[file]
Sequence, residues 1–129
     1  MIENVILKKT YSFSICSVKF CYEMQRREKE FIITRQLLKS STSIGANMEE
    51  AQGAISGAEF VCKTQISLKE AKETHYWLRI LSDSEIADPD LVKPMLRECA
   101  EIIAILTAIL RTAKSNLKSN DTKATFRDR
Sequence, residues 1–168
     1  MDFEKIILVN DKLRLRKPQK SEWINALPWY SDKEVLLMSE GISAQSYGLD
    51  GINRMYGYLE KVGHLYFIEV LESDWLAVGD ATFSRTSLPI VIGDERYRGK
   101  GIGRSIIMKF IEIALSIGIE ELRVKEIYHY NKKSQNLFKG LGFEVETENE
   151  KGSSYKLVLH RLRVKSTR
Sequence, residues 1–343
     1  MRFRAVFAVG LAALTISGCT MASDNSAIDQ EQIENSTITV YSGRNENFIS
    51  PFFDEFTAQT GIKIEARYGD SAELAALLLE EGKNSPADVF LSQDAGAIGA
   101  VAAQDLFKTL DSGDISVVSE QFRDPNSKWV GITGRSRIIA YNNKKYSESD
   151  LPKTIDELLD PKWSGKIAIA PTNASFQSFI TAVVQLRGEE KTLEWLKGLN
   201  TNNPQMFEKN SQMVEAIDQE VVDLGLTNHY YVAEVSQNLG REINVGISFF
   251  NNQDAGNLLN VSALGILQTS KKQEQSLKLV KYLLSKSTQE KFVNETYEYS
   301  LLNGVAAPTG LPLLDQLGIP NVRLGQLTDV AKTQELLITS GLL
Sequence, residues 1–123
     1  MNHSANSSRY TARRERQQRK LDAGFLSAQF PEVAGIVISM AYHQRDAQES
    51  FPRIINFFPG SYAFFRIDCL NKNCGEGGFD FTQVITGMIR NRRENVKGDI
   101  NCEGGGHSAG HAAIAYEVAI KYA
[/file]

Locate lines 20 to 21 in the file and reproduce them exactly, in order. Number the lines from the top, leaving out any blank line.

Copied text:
    51  FPRIINFFPG SYAFFRIDCL NKNCGEGGFD FTQVITGMIR NRRENVKGDI
   101  NCEGGGHSAG HAAIAYEVAI KYA